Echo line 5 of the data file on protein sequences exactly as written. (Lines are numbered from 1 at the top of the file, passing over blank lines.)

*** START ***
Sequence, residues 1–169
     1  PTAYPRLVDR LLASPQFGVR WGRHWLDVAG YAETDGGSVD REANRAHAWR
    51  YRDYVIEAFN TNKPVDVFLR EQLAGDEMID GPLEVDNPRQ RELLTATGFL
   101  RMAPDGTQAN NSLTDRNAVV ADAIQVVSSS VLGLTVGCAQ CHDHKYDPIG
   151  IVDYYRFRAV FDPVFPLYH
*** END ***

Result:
   151  IVDYYRFRAV FDPVFPLYH